Compounds 4, 11, 12, and 1 were prepared during the library development stage and were characterized by 1H and 13C NMR spectroscopy and mass spectrometry. The aromatic resonances in the 1H NMR spectra of compounds 11, 12, and 1 (see Supporting Information) displayed various stages of coalescence. Resonances for pairs of symmetry related protons on the aryl ring of R2 (H2/H5 and H3/H4) appeared as either broad two-proton signals or more or less broad pairs of one-proton signals. Clearly the rotation of the CH–Ar bond of the R2 substituent is occurring on the NMR time scale at 300 MHz.12 We will report in more detail on this unusual phenomenon in a later paper.

Library Production

The synthesis of a 90-compound library of piperazinedione-fused tricyclic compounds 1 was undertaken. Four sets of building blocks were selected which included two fluorous amino esters 7{12}, three aldehydes 8{35}, three maleimides 9{24}, and five amines 10{59} (Scheme 4). With the exception of compounds 7{12} and 10{56}, all other building blocks are different from those used in the library development stage.

Scheme 4
Ninety-Member Production Library of 1 and Building Blocks (710)

Fluorous amino esters 7{12} were prepared from the corresponding amino acids. 3-(Perfluorooctyl)propanol as the fluorous linker was attached to the Boc-protected amino acids 14{12} to form esters 15{12}under standard conditions using N,N′-diisopropylcarbodiimide (DIC) and 1-hydroxybenzotriazole (HOBt) as the coupling agents. The Boc groups were removed from 15{12} with 10% TFA/CH2Cl2 solution under microwave heating at 100 °C for 20 min to yield amino esters 7{12} (Scheme 5).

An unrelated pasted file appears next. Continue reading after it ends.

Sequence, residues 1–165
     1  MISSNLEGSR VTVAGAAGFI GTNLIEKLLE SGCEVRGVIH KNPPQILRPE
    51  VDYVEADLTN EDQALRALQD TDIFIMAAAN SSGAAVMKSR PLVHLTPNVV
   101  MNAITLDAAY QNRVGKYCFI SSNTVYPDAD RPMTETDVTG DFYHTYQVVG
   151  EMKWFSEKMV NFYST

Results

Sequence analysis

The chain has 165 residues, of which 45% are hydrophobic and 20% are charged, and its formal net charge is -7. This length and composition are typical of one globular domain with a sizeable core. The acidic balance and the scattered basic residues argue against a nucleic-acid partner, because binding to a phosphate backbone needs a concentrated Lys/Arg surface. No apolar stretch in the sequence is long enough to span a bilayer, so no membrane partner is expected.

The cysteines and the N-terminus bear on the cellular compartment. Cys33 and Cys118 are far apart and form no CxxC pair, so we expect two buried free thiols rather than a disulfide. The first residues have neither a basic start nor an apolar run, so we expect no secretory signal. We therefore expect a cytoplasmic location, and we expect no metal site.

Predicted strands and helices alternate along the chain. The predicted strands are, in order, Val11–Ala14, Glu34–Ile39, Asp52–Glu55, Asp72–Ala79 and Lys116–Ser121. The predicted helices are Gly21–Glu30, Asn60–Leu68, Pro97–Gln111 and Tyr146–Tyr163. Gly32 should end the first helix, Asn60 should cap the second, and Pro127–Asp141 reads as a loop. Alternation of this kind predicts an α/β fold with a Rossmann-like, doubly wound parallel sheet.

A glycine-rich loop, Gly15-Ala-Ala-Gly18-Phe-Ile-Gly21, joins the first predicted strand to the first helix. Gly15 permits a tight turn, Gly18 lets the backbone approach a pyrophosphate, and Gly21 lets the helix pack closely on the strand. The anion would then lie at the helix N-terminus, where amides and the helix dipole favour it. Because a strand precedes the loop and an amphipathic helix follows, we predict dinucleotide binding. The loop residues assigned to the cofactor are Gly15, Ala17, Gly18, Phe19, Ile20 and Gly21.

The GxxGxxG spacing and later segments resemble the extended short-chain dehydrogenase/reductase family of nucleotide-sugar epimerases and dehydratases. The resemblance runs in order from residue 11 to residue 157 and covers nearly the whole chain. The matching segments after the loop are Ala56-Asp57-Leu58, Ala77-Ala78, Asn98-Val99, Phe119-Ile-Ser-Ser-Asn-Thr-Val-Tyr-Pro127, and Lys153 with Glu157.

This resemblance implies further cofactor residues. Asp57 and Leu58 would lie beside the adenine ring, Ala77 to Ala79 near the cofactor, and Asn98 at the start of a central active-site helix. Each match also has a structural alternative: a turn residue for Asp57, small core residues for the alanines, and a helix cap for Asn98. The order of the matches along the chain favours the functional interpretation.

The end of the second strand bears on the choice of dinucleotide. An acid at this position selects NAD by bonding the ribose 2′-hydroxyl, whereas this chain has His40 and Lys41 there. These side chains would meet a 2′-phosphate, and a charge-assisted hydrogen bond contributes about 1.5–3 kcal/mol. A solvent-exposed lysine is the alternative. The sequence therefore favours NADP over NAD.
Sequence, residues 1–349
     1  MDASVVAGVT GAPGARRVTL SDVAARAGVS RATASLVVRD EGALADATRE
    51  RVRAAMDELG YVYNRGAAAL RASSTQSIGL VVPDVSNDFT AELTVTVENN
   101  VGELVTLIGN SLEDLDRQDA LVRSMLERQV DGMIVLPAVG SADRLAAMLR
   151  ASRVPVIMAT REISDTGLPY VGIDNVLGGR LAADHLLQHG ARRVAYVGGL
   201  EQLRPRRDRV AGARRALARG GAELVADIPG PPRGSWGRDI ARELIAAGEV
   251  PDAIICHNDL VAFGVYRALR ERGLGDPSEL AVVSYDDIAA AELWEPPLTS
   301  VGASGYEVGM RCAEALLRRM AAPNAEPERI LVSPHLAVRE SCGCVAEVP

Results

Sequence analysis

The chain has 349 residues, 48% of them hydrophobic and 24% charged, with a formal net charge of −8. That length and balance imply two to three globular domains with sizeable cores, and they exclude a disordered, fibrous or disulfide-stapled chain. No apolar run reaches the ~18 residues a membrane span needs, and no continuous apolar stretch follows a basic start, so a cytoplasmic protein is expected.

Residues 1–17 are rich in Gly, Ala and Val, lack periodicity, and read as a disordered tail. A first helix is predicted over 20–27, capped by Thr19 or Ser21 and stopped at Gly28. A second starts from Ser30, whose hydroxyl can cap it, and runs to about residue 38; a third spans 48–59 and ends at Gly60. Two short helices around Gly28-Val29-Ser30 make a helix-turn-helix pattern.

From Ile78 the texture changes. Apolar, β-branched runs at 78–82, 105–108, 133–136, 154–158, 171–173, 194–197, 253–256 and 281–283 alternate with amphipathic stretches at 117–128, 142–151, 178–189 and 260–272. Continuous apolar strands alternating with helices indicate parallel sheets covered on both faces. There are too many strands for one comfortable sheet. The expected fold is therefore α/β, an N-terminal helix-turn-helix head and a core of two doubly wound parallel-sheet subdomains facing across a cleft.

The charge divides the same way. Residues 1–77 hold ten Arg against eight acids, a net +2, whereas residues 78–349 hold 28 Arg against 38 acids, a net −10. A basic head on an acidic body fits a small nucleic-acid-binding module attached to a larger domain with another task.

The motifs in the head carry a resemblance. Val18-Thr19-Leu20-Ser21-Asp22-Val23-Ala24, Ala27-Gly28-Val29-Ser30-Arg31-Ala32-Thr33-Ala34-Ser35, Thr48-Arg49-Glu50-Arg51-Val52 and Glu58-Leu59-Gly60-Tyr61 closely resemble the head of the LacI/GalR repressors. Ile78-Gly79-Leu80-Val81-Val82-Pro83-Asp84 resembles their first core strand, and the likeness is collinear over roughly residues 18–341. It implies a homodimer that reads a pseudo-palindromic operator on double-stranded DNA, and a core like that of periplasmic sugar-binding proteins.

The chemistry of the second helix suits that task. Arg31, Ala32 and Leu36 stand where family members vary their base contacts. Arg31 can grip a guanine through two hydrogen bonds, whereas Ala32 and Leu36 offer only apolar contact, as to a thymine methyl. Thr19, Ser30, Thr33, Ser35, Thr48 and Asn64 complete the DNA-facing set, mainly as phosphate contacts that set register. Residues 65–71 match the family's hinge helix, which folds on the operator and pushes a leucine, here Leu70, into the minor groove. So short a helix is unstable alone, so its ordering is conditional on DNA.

Scheme 5
Preparation of Fluorous Amino Esters7{12}

The [3 + 2] cycloaddition reactions for the preparation of compound 4 were performed using the optimized conditions (Scheme 6 and Table 1). Aldehydes 8 and amines 7 were first reacted in the presence of triethylamine, followed by addition of maleimides 9. The mixtures were heated in the microwave reactor at 150 °C for 30 min and the products were purified by F-SPE. The fluorophilic fraction contained only the fluorous addition products 4{12,35,24}. With all alanine derivatives, bicycles 4{1,35,24} were obtained as single diastereomers in good yields (average 75%, including Boc-deprotection) and excellent purities (average 94%). The benzyl substituent at R1 led to a mixture of diastereomers and lower yields (average 49%, including Boc-deprotection). Traditional chromatography was used in several cases to obtain intermediates in sufficient purity (average 94%).

Scheme 6
Preparation of Tricyclic Piperazinediones 1{12,24,35,59}
Table 1
Yields [%] for the Synthesis of Fluorous Bicycles 4{12,35,24} from 7{12}, 8{35}, and 9{24} (Purity by ELSD [%])

The acylation reactions of 4 were performed in the presence of molecular sieves and catalytic amounts of DMAP under conventional heating at 60 °C for 1 h. The addition of 15 equiv of chloroacetyl chloride was completed in two portions. While the acylation of alanine derivatives led again to good yields and purities (average yield 70% and average purity 93% after F-SPE), it was observed that for R1 = benzyl only the major diastereomer of 4{2,35,24} could be acylated, probably because of steric reasons (Table 2). In the case of 4{2,4,2}, the two diastereomers had been separated. Akylation of the major diastereomer led to 11{2,4,2} in 88% yield (100% purity), while no conversion was observed for the minor diastereomer under otherwise identical reaction conditions. The minor diastereomer could be recovered from the reaction mixture.

Table 2
Yields [%] for the Synthesis of Amides 11{12,35,24} from 4{12,35,24} (Purity by ELSD in [%])